Tahoe’s active mountain lifestyle has inspired Orr to try cooking more vegan and vegetarian dishes, too.

“We’re just generally healthier anyway, so we’re trying to experiment with that and make sure we’re not defaulting to meat and potatoes,” she adds.

Multicultural cooking

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Jamie and David Orr’s 7-year-old daughter, Annika, helps prepare the soup

Many of the recipes Orr cooks at home are inspired by her travels, including a trip to visit friends and family in Norway and a trek across Europe.

“The recipes are not from restaurants but from what people cooked for us when we were visiting their homes,” she says. “It brings out good memories about those trips, too.”

But with two little ones at home — Annika, 7, and Ninah, 1 — and a new tech startup designing management software for coworking spaces, Orr is busier than ever.

“Sometimes dinner for me is whatever’s left on the plate that the toddler didn’t eat,” she says. “But we’re also starting to get Annika involved in the kitchen with us and teaching her some knife skills.”

Fiskesuppe, a Norwegian salmon soup, is one such recipe that transports Orr back to their friend’s kitchen in Bergen, but it’s also simple enough to allow Annika to help cook.

“Annika loves salmon. She calls it ‘princess fish’ because it’s pink,” Orr says. “(The recipe is) healthy with a lot of good root vegetables in it, but it’s also super easy and only takes about a half hour — and both kids will eat it!”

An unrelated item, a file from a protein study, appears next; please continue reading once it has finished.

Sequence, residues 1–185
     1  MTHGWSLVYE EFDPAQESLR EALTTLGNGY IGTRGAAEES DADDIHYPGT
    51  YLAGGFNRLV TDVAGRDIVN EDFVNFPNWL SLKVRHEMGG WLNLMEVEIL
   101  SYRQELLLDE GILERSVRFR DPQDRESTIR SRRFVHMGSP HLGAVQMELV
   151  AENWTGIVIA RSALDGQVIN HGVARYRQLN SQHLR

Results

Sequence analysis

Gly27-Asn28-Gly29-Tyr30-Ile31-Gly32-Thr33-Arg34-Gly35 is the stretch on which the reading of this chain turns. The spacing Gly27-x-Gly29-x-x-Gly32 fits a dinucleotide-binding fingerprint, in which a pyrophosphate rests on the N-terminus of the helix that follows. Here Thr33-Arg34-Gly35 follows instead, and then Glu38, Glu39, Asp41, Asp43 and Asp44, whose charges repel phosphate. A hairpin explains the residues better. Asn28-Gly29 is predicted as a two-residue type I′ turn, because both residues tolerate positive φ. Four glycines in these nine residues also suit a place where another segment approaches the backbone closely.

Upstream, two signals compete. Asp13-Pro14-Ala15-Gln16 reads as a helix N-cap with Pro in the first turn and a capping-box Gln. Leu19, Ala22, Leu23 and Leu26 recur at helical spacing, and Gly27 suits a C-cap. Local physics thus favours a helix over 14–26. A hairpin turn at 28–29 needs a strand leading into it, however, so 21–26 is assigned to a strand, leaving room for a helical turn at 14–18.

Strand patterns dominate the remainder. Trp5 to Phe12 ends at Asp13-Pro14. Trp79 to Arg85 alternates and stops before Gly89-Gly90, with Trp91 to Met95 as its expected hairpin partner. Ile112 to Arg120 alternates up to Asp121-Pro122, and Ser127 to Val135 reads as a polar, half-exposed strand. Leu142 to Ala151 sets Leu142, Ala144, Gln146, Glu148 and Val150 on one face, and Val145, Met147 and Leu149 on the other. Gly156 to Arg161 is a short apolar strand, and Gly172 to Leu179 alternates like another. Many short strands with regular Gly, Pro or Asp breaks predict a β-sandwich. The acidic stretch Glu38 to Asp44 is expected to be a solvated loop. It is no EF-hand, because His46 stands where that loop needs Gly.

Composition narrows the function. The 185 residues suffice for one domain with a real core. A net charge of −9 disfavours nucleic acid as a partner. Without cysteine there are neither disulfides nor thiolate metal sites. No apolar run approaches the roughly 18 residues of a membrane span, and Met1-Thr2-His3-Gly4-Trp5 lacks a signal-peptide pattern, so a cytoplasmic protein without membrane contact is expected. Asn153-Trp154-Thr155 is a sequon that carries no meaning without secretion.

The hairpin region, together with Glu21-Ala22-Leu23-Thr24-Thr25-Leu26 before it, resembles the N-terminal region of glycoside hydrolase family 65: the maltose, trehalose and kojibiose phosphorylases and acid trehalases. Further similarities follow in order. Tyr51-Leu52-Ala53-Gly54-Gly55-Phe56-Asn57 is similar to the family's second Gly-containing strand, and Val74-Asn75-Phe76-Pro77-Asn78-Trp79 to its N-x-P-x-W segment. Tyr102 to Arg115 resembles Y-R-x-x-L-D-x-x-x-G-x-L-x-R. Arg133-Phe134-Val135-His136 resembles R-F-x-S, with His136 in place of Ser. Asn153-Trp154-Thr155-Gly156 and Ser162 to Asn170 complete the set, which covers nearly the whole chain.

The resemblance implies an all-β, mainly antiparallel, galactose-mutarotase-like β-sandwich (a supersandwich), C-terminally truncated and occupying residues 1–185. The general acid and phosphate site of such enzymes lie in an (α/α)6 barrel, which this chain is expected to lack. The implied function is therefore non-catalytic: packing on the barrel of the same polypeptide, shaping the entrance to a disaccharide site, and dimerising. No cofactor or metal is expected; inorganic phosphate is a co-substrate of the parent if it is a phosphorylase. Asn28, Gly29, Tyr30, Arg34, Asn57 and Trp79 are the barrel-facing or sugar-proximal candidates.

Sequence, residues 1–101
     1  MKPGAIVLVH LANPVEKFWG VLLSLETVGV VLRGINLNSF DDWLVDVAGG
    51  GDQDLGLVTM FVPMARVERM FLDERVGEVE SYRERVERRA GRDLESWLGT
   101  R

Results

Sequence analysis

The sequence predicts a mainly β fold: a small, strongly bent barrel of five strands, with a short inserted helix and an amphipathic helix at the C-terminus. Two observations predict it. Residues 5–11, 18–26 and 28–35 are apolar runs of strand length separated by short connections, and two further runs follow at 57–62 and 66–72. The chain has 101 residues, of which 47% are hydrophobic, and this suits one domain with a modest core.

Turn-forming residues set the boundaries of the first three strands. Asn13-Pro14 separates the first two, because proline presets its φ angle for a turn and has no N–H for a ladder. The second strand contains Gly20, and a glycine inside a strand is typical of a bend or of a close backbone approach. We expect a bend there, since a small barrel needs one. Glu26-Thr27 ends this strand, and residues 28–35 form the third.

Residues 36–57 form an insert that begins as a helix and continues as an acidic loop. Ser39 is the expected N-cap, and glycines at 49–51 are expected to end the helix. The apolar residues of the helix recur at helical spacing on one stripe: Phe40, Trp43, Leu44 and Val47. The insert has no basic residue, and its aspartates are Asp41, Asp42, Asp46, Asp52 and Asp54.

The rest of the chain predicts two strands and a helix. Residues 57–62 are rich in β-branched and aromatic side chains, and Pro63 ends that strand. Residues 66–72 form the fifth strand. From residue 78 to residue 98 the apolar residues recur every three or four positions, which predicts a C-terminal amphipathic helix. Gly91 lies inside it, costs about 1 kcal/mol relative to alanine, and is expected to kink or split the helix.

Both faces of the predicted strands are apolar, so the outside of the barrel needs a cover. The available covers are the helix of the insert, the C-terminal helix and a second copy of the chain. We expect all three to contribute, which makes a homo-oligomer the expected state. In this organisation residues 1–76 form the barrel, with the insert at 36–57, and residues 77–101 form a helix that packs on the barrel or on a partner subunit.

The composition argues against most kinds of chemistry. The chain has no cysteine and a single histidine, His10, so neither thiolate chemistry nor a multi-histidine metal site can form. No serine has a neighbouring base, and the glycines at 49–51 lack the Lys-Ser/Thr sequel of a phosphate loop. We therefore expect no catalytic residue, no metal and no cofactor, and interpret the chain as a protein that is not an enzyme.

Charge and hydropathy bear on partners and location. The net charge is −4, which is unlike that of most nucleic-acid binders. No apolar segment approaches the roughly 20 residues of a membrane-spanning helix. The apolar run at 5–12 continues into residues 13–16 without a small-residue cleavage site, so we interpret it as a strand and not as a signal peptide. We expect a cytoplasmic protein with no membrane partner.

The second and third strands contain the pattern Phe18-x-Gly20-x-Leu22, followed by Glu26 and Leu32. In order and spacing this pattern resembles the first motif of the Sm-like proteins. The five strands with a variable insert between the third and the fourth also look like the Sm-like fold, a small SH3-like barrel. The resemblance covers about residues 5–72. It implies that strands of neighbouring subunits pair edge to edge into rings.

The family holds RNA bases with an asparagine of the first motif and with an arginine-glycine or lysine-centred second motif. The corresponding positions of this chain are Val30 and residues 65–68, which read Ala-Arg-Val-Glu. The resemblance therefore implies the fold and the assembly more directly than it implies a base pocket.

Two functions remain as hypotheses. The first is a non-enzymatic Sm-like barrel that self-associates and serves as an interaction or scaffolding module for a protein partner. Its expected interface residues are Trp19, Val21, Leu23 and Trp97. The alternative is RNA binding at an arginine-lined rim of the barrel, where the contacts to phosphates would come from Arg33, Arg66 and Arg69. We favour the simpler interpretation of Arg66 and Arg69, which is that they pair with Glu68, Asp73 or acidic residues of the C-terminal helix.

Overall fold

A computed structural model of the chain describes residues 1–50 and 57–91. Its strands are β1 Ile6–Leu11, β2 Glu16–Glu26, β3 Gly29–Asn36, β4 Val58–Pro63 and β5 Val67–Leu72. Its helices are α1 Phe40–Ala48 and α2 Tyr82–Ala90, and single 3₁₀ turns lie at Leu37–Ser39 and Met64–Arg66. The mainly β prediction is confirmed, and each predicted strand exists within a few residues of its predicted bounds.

Claire McArthur is a Zephyr Cove-based freelance writer who is lucky enough to have penned many articles within the walls of Cowork Tahoe, including this one. You can reach her at This email address is being protected from spambots. You need JavaScript enabled to view it..

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Fiskesuppe

(courtesy of Jamie Orr, co-founder, Cowork Tahoe in South Lake Tahoe. Serves 6 to 8)

6 tablespoons unsalted butter

4 cloves garlic, chopped

1 small leek, sliced 14 inch thick

2 medium carrots, sliced 14 inch thick

1 large parsnip, peeled and chopped

1 small celeriac, peeled and chopped (if hard to find, just skip it or add celery instead)

4 medium-sized new potatoes, peeled and cut into 1-inch pieces

3 cups fish stock

2 cups milk

1 cup heavy cream

2 pounds salmon filet, boneless and skinless, cut into 2-inch chunks

13 cup dill, chopped, plus more for garnish

14 cup parsley leaves, chopped

Juice of 1 lemon

Salt and black pepper, to taste

Heat butter in a 6-quart saucepan over medium-high heat. Add garlic and leeks, and season with salt and pepper. Cook, stirring until soft, about 8 to 10 minutes. Add carrots, parsnips, celeriac, potatoes, stock, milk, and cream; bring to a boil.

Reduce heat to medium and cook, stirring occasionally, until vegetables are tender, about 25 minutes. Add salmon and continue to cook, stirring gently, until fish is cooked through, 6 to 8 minutes. Stir in dill, parsley, lemon juice, and salt and pepper. Serve it up with warm, crusty bread.

Note: You can thicken the soup a little with a few tablespoons of flour if preferred.